Key Frames offer diverse musical stylings

With a sound that lies somewhere in the murky waters between pop and roots-rock, The Key Frames tend to embrace a diverse musical pallet, bringing that and more to their debut record, Out On The Point.

Formed in 2007 by banjo player Theo Edmunds and guitarist Rob Webster, the duo soon rounded out the group with drummer Dan Schwartz, Ryan Higgins on bass and Brian Passmore as a second guitarist.

They Key Frames will be performing at Moncton’s Plan B Lounge on Monday Aug. 29, starting at 9 p.m.

The Key Frames refusal to relegate themselves to one specific genre of music is evident in listening to any of the songs contained on Out On The Point. As far as Rob Webster is concerned, it has ultimately helped create make the group all the more well rounded.

“Within my own influences I have always been a really immersive listener, so I’ll just play the same five albums for months on end and start hearing things usually reserved for dogs only,” he starts. “As a result of that, I end up thinking a lot about the essence or feeling behind a style or genre rather than the sort of surface conventions. If the music I have contributed to Key Frames seems to straddle a few different styles, I think it’s probably because they all seem so easily connected to me when I write songs; the trick is whether other people see the connections or not, I suppose.”

Bassist Ryan Higgins expands on Webster’s statement saying, “I’m particularly proud of how difficult it can be to describe to people just what kind of music we play. Our influences are so many in number it means there is a real freedom within the group to play whatever comes naturally.”

While song writing in The Key Frames is very much a collaborative effort between all members, playing live has been an important part of helping the group find their comfort zone.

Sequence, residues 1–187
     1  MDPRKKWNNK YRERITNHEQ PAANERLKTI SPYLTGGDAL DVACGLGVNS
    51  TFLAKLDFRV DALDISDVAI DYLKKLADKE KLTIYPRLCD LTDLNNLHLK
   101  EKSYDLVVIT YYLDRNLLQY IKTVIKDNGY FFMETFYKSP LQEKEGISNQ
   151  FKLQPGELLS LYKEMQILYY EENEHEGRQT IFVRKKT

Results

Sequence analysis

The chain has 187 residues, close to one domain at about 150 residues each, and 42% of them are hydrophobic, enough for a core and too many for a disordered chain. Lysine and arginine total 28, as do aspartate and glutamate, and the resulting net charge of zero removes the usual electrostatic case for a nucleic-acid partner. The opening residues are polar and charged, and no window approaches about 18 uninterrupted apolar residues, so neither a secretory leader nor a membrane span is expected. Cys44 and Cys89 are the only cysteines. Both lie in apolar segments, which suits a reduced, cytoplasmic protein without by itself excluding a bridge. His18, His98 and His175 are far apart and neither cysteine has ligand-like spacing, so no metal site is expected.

“Playing live is where it starts and ends,” Webster says. “You can practice forever and still not learn the lessons you do onstage.”

“There is nothing like playing live to work out the kinks in songs,” drummer Dan Schwartz says. “We have played numerous three-set nights, and even a few shows where we’ve played a three hour matinee followed by a four hour evening show. These are definitely the shows that have really helped tighten up our parts and gel our sound.”

Despite being a relatively small fish in the pond known as the City of Toronto, the members of The Key Frames have left starry-eyed hopes of becoming rock stars behind and instead are incredibly realistic about what the future holds for them.

“In a city the size of Toronto, you have got to be so committed to what you are doing but also ready to leave your expectations of sudden, wild acclaim behind,” Webster says. “It can be draining and beat on you emotionally but on the good side of things, it forces you to stand that much taller and work that much harder if you want to stay in the game. There is no room for complacency; the money is almost nonexistent and recognition can take years, if it ever comes at all. That being said, I wouldn’t want my home base to be anywhere else.”

Article published in August 26, 2011 edition of the Times & Transcript